Monday, January 30, 2012

Geez Genista!

Yes, I was aware that the weather has been abnormally warm in Kansas this season.  I know that the Bluebirds have stayed put this winter rather than heading south for a month or two.  A Kansas duck hunter told me that this season is the best hunting season he's ever known because the geese are staying farther north this year.  I, myself, was about ready to start pruning roses yesterday (something I've never done in January before since I value the mobility and integrity of my fingers). 

Even knowing all that, I was still surprised when yesterday, on January 29th, I discovered the flower pictured at the right above, giving me this solitary bloom on January 29th in an east-exposed bed next to the house. This is a Genista lydia, a shrub I planted some years back and then promptly forgot whatever was the actual cultivar name.  I planted it originally due to some plant propaganda leaflet dropped upon me that raved about how drought and deer resistant the Balkan native was.  In fact, I've found it so invasive here since I planted it that I've been trying to grub it out for the past 2 years.  Part of the Fabacaea family, it is a low-growing deciduous shrub classified by some as a groundcover and by others as a pernicious pest.  The pea-like bright yellow flowers bloom only a short time, but they bloom thickly, covering the plant.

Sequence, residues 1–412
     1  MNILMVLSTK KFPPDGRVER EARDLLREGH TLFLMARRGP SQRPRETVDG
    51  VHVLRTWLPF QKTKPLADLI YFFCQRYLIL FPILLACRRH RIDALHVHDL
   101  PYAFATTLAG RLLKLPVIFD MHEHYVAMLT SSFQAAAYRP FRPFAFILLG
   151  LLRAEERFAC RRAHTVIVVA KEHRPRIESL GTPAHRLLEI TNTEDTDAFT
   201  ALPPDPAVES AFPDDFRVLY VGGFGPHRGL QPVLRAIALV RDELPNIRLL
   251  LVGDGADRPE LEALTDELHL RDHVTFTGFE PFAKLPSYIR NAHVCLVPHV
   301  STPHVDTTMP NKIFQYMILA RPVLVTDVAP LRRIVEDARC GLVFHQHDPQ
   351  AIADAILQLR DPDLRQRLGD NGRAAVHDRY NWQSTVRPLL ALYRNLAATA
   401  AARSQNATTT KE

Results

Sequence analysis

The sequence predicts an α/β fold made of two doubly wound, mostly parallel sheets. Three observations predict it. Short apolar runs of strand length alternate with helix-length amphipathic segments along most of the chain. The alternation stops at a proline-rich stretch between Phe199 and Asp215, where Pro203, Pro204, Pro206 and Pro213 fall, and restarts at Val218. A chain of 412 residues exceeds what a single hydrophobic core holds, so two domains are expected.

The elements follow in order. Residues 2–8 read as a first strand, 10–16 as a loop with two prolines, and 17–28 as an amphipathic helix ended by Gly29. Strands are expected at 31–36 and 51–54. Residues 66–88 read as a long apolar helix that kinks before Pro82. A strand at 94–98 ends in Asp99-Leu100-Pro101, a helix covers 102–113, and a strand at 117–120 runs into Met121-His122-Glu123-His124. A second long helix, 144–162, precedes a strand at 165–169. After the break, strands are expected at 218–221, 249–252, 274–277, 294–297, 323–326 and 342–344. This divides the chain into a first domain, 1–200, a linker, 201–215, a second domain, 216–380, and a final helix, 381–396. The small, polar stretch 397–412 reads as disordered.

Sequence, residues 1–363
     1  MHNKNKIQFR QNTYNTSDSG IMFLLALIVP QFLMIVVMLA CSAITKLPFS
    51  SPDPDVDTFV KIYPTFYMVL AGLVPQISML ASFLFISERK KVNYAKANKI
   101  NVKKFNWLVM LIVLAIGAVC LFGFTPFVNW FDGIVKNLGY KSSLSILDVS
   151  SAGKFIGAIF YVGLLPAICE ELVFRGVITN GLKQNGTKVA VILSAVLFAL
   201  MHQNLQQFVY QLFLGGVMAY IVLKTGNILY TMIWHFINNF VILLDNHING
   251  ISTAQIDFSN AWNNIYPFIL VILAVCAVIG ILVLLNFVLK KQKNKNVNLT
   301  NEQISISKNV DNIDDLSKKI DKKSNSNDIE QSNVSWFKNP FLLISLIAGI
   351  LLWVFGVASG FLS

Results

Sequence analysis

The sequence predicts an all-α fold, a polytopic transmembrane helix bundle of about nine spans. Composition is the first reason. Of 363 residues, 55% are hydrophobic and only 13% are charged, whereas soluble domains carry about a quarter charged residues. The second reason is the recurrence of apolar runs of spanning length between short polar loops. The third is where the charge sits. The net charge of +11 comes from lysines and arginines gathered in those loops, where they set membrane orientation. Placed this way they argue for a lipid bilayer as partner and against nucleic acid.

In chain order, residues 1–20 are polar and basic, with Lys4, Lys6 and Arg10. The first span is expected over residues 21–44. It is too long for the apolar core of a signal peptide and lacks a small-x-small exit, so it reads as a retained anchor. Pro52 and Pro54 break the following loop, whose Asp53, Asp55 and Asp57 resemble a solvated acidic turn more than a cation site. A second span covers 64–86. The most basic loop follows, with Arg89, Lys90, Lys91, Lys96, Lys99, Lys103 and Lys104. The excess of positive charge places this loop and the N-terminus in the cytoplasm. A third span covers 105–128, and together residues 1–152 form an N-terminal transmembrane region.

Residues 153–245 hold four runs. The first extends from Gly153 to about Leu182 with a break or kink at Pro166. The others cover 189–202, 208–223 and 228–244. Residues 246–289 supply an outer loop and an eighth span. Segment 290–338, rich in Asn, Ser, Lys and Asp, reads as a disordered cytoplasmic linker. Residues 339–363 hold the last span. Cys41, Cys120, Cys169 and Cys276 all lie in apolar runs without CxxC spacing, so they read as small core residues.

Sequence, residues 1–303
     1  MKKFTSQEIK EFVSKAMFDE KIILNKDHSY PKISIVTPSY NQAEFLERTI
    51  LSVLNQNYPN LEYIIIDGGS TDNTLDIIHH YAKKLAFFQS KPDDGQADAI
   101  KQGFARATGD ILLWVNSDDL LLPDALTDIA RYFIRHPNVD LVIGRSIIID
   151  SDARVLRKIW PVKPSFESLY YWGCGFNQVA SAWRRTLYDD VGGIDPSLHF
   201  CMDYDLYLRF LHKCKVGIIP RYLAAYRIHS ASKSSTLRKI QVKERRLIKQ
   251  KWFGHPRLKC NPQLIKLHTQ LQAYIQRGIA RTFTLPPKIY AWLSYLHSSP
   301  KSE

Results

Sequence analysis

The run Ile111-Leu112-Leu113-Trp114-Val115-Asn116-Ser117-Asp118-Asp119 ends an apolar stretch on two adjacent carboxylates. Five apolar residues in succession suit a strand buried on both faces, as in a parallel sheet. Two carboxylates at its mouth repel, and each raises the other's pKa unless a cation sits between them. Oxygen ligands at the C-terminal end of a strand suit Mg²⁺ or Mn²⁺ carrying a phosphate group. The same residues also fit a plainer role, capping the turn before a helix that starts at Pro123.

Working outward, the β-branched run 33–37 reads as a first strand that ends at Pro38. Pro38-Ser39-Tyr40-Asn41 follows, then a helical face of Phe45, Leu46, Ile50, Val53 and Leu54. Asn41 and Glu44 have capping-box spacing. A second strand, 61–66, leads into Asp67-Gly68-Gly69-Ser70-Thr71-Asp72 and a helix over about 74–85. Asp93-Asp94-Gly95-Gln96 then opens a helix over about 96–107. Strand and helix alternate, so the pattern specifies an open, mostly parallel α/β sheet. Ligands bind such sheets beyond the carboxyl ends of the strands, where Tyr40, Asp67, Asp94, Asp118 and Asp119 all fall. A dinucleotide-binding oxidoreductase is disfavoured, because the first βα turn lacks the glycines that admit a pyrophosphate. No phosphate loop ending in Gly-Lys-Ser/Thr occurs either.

I knew that Genista is one of the earliest in my landscape to bloom, but this time it has outdone itself for horticultural confusion.  Blooming on January 29th?  The earliest I've previously noted Genista to begin blooming was March 5th (in 2005).  Based on that timeline, I should expect to see forsythia blooming within the next week and daffodils by mid-February.  This goes far beyond the USDA's announcement last week, that my garden has moved an entire climate zone south, from Zone 5B to Zone 6A.  I must have slept through the move because I don't remember potting things up and replanting.

On one hand, I hate it when WEE's (Wild-Eyed Environmentalists) get any evidence in their favor.  I haven't been a big believer in the idea that Man, however stupid we are, can destroy the Earth, but I am starting to waver in my conviction.  We may be setting record temperatures today, January 30th, when it is supposed to reach a balmy 70F in Topeka, but I always try to keep in mind that the previous record on January 30th was set in 1974, a time when I recall that scientists were predicting industrialization would result in a new Ice Age. If the experts can change their minds, why can't I? 

On the other hand, why fight it?  At this rate, a couple of more decades of global warming and I'll be in Zone 7 and can grow real antique Tea Roses in my garden.  Wouldn't that be something?

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